If psychological capital is built by an accumulation of gestures that signify social connection, the "impersonal electronic society" would diminish psychological capital while creating a false sense of connection.
Feelings of solitude and anomie, not merely not belonging, but not even knowing how to belong, must be more powerful for a child who has been dropped into an alien community and alien culture.
Emily Bazelon offers a slightly different explanation for Phoebe's move to South Hadley. She says that Phoebe's parents had separated... which could mean that they were living separately, but which seems to mean that they had separated as a prelude to divorce.
Could it be that Phoebe's mother was so distraught over her separation that she wanted to have a fresh start for herself in South Hadley? Even if it cost her daughter her most important social tie, her conversations with her father.
Next we must ask whether the school contributed to Phoebe's loss of psychological capital by making her feel even more vulnerable and exposed, even more threatened with social oblivion.
I find something strangely disquieting about Phoebe's touching essay on her father and her iPod. It feels too personal, too intimate, emotionally too raw and vulnerable. Keep in mind that this essay was posted on her blog, for all to read, for all bullies to exploit.
A child who is developing psychological capital should become more thick skinned, not more exposed. Those educators who believe that their job is to provide a kind of rough therapy by helping children to get in touch with their feelings are doing them a serious disservice. Seeing the way it worked for Phoebe Prince confirms my judgment.
Perhaps this happens in all American high schools. If so, American high schools should get out of the therapy business and return to the three Rs.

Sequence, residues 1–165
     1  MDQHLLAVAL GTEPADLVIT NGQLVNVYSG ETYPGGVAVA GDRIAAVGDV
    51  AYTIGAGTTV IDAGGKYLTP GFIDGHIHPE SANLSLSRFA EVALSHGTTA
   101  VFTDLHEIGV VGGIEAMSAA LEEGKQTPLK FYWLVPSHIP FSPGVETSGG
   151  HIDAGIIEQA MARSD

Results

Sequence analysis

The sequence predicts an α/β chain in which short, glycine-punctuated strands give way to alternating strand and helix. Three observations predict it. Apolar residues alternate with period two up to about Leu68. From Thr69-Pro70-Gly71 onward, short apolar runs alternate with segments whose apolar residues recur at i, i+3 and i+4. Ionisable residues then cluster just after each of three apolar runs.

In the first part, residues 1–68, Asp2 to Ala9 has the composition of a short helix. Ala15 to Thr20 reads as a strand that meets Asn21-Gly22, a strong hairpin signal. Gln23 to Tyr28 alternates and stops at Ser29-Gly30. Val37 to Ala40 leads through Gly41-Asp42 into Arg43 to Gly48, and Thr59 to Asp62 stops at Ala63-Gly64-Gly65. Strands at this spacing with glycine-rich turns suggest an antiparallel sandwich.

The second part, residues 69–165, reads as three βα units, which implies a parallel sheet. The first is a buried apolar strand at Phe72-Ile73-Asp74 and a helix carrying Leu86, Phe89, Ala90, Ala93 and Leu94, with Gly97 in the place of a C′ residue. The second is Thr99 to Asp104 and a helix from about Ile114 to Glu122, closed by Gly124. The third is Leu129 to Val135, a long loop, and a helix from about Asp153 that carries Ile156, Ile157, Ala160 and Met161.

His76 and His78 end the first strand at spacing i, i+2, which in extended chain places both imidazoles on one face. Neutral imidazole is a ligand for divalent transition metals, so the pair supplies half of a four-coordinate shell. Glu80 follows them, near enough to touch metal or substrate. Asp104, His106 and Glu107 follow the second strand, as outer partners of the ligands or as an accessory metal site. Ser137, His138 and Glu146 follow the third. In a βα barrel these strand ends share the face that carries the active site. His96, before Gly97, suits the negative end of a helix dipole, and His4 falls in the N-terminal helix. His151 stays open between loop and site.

While the school was encouraging Phoebe to expose her feelings, she was writing that what made her happiest about talking with he father was their discussions of politics. Would it not have been better if Phoebe was assigned essays on politics and history than on her intimate emotions?
Phoebe also posted a second essay on her blog. It is a book review of a book by psychotherapist Stephen Levenkron about girls who self-mutilate by cutting themselves.
Maybe I am just revealing my age, but has anyone asked whether it is appropriate for a child to read books about disturbing psychological conditions? Especially when she is likely to identify with the girls who tell there stories of depression, anomie, and self-abuse. Do we really want a high school girl to find herself among that group? Do we want her to discover a new way to deal with her anguish?
I hope that no one believes that such reading materials will be therapeutic, or that they will help a troubled girl get in touch with her feelings. Do we really want a girl who is lost and disconnected, subjected to psychological abuse, to hear some of her own darkest feelings echoed in the words of girls who self-mutilate. You build psychological capital by accentuating your good qualities, not indulging your darkest moods.
I am assuming, charitably, that her teacher did not assign this book. But I must assume that if it was the topic of a book review the teacher approved Phoebe's choice.
Think about it. If a child asks to review a book about self-mutilation would you not take that to be an alarm. In my view the minimally acceptable adult behavior would have been to refer the girl immediately for counseling.
From the evidence we have up to now, no one seemed to understand that a fifteen year old does not have the emotional capacity to deal with issues like self-mutilation. Nor, I would add, does a fifteen year old have the emotional capacity to deal with the aftershocks of hooking up.